Goniometer Gives You An Edge At Knife Sharpening

Two goniometers sit on a table. One is an open wooden box with a long piece of plywood along the bottom. A laser distance finder rests on the front edge and a printed angle scale has been attached to the back side of the box. To the right of this box is a much smaller goniometer made from an orange pipe cap with a small strip of paper serving as the angle scale inside the interior edge. It is attached to a wooden handle that looks vaguely like a V. A laser pointer can be inserted from the bottom where a hole has been drilled through the wood.

Sometimes you absolutely, positively need to know the angle of the cutting edge on a knife. When you do, the best tool for the job is a laser goniometer, and [Felix Immler] shows us three different ways to build one. (YouTube)

The underlying principle of all three of these builds is to project reflected laser light off a knife blade onto a scale going from 0-45˚. [Immler] shows a basic demonstration of this concept with a hinge toward the beginning of the video (after the break). Blades with multiple bevels will reflect light to each of the appropriate points on the scale.

The simplest version of the tool is a printed PDF scale attached to a wooden box with a hole for the blade to pass through. The next uses a large pipe end cap and a drilled-out piece of wood to create a more manageable measuring tool. Finally, [Immler] worked with a friend to design a 3D printed goniometer with differently-sized adapters to fit a variety of laser pointers.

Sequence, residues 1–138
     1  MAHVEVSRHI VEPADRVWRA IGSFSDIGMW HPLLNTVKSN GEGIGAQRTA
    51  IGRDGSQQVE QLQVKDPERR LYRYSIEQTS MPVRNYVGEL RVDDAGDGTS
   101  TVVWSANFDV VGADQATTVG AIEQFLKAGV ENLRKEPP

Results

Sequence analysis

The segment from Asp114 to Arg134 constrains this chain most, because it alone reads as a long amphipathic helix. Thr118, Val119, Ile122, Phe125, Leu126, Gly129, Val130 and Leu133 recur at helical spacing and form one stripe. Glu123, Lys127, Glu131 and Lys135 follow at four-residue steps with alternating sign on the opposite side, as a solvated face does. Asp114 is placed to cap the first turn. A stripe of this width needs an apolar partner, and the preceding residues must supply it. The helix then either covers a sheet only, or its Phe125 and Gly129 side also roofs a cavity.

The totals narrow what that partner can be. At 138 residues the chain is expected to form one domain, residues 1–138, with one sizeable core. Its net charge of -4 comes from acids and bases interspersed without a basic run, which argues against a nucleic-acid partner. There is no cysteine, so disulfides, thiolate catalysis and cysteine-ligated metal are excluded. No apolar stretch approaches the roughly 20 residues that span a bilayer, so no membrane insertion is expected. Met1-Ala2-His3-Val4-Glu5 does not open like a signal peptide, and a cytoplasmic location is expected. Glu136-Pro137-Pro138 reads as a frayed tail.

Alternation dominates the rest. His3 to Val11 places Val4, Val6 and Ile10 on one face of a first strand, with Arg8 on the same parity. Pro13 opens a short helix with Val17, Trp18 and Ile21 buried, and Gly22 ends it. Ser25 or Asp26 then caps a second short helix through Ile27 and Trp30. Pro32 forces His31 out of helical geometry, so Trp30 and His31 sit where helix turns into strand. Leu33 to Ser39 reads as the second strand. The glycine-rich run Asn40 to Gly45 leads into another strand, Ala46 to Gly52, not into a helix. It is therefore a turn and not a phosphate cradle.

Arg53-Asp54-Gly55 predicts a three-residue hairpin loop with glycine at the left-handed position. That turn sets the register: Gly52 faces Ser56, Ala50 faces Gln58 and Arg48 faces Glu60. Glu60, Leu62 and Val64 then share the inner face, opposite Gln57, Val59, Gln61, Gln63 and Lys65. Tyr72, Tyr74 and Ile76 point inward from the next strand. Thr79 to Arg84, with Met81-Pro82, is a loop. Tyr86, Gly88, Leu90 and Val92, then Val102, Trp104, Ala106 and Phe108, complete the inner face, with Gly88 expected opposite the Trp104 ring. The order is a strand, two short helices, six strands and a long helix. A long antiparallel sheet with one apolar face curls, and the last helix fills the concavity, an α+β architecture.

Now that you’re ready to precisely sharpen your blades, why not sharpen this guacamole bot or try making your own knife from raw ore?

11 thoughts on “Goniometer Gives You An Edge At Knife Sharpening

    1. At here are many tools which keep the angle on a blade.

      This one doesn’t; it measures the existing angle.

      That’s going to be useful if you don’t know what angle a blade has on it. Or if you want to verify that your sharpening technique is working.

    2. Sure, I have one of those. But, do I know what the angle is on every blade I put in? Maybe your eye is calibrated better than mine. Just because you found no need, doesn’t mean others won’t. And, this is after all Hackaday, he hacked 3 ways to do a laser measurement…maybe some other hacker might find other uses for the technique.

  1. It’s only mentioned in passing, but it’s super cool that he’s able to see/measure a knife blade with two bevels on it, because they make two distinct spots per side. That would be really hard to measure any other way.

    I know that some chisel/plane fanatics get deep into multi/micro bevels. I’m just stoked if I’ve sharpened the tool more recently than I’ve last cut myself with it.

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